The two German parliaments ratified - as anticipated - a crucial bilateral treaty that settles the legal, financial and technical details of Oct. 3 German unification.

Both parliaments Thursday approved the pact with the required two-thirds majority, shortly after the West German government assured its neighbors and allies that a unified Germany will never repeat the atrocities of Nazism and that unification will be "an investment" in a European future.Foreign Minister Hans-Dietrich Genscher made the remarks in a statement to parliament at the beginning of the session to debate the treaty signed by the two German governments.

In West Germany's 519-member Bundestag, 442 parliamentarians voted in favor of the treaty, 47 against and three abstained.

Those who voted against included members of the left-leaning, environmentalist Green party, as well as arch-conservative politicians opposed to a clause formally recognizing the loss of former German territories ceded to Poland after Germany lost World War II.

Deputies in East Berlin burst into applause when the document was accepted, while parliamentarians in Bonn sang the national anthem upon ratification - a rare occurrence in the West German parliament.

In the 400-seat Volkskammer, the East German parliament, 299 deputies voted for the treaty. Another 80, most of them communists, opposed it and one representative abstained.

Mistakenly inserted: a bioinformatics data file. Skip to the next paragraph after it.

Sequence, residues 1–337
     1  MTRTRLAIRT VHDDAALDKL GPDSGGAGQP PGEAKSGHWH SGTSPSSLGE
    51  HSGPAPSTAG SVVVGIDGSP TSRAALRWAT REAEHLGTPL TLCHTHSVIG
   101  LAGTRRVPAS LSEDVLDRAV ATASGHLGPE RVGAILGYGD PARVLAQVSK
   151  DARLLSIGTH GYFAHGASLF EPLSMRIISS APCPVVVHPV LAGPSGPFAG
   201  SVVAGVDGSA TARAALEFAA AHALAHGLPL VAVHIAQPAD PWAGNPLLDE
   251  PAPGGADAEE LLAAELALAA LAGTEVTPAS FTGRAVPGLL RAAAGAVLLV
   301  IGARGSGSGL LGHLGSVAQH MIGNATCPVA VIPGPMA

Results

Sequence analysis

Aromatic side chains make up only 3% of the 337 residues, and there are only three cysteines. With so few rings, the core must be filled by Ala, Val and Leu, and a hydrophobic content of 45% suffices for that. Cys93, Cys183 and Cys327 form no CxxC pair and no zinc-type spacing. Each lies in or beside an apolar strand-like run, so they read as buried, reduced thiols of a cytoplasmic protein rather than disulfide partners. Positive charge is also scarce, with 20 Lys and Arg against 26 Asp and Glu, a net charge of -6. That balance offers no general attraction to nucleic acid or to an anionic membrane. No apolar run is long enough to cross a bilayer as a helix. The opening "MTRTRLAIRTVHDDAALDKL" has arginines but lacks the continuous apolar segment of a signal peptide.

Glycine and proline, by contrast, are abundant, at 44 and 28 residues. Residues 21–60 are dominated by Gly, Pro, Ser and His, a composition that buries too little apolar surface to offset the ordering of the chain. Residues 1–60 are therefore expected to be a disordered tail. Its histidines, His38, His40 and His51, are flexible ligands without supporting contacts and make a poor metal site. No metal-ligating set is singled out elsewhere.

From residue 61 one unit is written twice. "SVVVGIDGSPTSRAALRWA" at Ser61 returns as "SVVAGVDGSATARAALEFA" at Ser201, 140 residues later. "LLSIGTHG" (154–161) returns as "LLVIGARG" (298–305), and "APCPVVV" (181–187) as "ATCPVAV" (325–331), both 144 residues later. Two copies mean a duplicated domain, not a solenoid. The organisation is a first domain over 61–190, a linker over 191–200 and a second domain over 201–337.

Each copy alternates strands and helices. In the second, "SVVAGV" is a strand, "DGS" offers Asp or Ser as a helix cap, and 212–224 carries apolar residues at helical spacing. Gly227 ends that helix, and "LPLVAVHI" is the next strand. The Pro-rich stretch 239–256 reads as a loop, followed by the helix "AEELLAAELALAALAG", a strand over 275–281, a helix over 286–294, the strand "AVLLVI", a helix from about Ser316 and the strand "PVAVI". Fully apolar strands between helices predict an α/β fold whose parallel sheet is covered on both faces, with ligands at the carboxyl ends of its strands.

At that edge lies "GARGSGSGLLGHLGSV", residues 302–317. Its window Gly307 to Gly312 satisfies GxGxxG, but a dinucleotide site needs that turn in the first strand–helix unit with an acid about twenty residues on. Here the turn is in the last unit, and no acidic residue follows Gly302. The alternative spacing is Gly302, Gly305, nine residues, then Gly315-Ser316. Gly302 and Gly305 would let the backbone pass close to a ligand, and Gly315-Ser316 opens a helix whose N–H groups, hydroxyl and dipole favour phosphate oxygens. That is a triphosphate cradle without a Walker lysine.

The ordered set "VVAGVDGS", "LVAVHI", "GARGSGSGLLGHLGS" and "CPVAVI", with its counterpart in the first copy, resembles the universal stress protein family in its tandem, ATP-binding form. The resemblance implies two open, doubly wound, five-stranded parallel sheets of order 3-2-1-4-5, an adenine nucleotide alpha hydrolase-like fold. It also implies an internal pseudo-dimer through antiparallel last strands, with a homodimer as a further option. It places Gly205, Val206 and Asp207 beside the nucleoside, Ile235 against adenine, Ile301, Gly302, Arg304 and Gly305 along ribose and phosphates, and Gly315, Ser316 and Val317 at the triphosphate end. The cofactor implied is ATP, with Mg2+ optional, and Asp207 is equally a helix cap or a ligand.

Shortly before the vote in East Berlin, parliamentary President Sabine Bergmann-Pohl said that "the process of German unification is only at the beginning."

"It will need much time, great intuition and courage for possibly unpopular decisions to fill old ditches and to avoid creating new ones," she said.

In his address to the Bundestag, Genscher said, "On Oct. 3, the German people will again live in a democratic state - for the first time after 57 years. Our contribution for one Europe is also an investment in our European future."

He said Germany had lost its liberty Jan. 30, 1933, the day Adolf Hitler became chancellor of Germany, and lapsed into a period of fascism and war before the country was divided after World War II.

"Many Germans lost their lives, their health, all their belongings and their homeland. And all of us lost the respect and friendship of the other peoples," Genscher said.

He reiterated the German borders are final and will not be changed, a reference to Polish fears that a united Germany will want back former German territories which became part of Poland after World War II.

"The world looks upon Germany and the world should know: We know our responsibility and we will fulfill it," he added.

The bilateral unification treaty sets down the legal and financial aspects of the merger, which entails the absorption of East Germany in West Germany's Federal Republic - ending the 41-year existence of the German Democratic Republic, East Germany.

The treaty was signed after almost two months of tough negotiations between the two German governments and within each of the two parliaments.